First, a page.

Experts recommend potatoes be stored at a temperature between 45 and 50 degrees Fahrenheit, and that onions be stored in a cool, dry place.
Potatoes especially should be kept out of the refrigerator. When stored at temperatures cooler than 45 degrees, starches in a potato begin to break down into sugars. Note: This is not how you make a sweet potato. The accumulation of sugars will cause the potato to darken when cooked. If you do have cold potatoes, it’s recommended that they be warmed gradually at room temperature before cooking to reduce the sugar levels and the risk of discoloration.
Potatoes also store better in high humidity — as high as 90 percent. Not surprisingly, a root cellar would be the perfect place for potatoes. Barring that, store in the coolest, most humid place you can. But not the fridge.
It’s also a good idea to keep potatoes in the dark. Overexposure to light can cause a buildup of solanine, an alkaloid that potatoes naturally produce to repel insects. Light also causes an increase in chlorophyll, which gives a green hue. So, potatoes that have a green tinge also likely have higher levels of solanine, which is toxic at high levels.
Actual illness is rare because not only are solanine levels usually quite low, but because solanine actually causes cooked potatoes to taste bitter. Luckily, solanine tends to stay near the surface. Peeling off green areas of a potato will also remove any solanine.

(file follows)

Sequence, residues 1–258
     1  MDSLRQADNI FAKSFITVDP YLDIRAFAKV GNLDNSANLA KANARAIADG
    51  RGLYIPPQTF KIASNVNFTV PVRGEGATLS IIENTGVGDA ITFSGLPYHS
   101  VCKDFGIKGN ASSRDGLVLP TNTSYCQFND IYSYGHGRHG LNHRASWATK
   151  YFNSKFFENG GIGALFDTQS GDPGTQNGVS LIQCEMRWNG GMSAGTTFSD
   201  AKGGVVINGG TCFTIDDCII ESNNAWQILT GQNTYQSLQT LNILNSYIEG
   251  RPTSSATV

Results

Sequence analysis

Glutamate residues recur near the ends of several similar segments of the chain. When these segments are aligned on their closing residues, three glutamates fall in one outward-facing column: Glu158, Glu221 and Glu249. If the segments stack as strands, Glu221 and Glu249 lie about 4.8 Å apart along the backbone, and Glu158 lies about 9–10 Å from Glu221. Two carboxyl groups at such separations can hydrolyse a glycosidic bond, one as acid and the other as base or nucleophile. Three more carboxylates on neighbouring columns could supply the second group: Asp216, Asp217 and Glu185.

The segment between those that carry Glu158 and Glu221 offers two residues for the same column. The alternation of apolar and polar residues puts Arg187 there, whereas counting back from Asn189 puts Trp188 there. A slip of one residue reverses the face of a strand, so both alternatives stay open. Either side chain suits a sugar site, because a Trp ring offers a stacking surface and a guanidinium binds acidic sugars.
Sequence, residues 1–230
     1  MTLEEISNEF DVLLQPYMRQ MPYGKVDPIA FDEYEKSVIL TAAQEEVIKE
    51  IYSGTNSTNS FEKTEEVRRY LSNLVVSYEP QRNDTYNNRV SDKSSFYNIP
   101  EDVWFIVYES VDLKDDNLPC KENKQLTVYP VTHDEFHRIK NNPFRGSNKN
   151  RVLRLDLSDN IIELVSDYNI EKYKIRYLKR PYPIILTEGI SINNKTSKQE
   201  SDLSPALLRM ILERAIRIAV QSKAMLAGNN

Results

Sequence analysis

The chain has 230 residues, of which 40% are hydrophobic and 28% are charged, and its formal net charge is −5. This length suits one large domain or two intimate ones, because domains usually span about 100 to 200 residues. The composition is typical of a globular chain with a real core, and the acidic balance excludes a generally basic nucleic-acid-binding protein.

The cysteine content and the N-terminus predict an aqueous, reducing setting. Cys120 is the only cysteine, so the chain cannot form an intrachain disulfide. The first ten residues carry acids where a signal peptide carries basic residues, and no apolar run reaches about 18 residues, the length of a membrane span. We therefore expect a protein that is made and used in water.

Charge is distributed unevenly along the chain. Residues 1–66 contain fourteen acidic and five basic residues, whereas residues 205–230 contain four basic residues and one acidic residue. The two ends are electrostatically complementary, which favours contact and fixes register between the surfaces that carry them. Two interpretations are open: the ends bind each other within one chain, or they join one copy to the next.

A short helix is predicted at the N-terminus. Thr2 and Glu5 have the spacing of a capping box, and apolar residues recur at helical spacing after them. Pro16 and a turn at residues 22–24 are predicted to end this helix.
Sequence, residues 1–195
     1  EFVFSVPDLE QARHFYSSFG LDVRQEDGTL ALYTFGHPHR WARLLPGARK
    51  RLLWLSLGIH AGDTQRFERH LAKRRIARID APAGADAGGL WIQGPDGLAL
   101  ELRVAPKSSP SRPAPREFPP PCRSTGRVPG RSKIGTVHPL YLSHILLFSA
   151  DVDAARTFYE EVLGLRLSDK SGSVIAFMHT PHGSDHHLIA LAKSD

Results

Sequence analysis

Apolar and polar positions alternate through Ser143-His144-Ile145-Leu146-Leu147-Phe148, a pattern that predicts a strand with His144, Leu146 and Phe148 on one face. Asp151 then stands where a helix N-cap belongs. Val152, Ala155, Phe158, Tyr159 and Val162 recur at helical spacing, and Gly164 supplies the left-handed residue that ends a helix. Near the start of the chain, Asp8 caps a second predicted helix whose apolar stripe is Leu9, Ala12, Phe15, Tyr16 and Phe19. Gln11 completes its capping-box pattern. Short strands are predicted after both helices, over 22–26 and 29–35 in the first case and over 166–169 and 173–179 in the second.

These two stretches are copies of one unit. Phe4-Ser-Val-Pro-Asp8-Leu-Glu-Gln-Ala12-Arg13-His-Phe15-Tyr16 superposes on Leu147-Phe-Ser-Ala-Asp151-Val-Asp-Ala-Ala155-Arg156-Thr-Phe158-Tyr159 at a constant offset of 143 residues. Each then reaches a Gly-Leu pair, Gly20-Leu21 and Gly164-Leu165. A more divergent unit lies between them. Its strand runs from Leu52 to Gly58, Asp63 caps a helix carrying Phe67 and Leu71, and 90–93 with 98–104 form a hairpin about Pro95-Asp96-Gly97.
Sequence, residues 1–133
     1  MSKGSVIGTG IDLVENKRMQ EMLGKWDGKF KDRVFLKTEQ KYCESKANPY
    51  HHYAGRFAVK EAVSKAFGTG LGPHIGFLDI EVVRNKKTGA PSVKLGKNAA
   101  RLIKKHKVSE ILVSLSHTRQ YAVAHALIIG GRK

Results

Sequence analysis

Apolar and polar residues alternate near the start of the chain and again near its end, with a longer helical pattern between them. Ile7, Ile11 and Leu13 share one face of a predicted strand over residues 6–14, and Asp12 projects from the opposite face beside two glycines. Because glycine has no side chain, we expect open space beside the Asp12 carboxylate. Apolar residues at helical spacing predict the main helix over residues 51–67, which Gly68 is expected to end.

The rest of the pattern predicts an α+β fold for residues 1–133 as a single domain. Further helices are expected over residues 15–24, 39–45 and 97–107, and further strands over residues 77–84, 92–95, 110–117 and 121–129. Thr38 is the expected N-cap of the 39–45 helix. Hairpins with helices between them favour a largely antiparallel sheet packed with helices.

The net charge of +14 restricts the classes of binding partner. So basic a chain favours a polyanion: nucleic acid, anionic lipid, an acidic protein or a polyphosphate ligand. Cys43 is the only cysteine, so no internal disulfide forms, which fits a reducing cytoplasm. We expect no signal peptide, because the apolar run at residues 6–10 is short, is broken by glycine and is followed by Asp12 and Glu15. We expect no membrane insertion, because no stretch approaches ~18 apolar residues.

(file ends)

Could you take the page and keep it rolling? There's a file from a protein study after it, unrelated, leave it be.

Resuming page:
Potatoes that are stored too long or in too warm of a place will often sprout and begin to shrivel. If that happens, it’s time to throw them out. Potatoes with just a few sprouts can be salvaged by cutting them out.
Onions need a lot less humidity — ideally, 65-70 percent — but just as much ventilation as potatoes. In fact, the National Onion Association says not to store onions in plastic bags, because the lack of air movement will cause them to go bad more quickly. Common yellow onions are hardier and will store longer than other types. White onions and sweet onions are moister and more perishable, and to keep them longer, the association suggests storing them in the refrigerator, but wrapped in paper towels first to keep dry.
Chow Line is a service of Ohio State University’s College of Food, Agricultural, and Environmental Sciences and its outreach and research arms, Ohio State University Extension and the Ohio Agricultural Research and Development Center. Send questions to Chow Line, c/o Martha Filipic, 2021 Coffey Road, Columbus, OH, 43210-1043, or [email protected].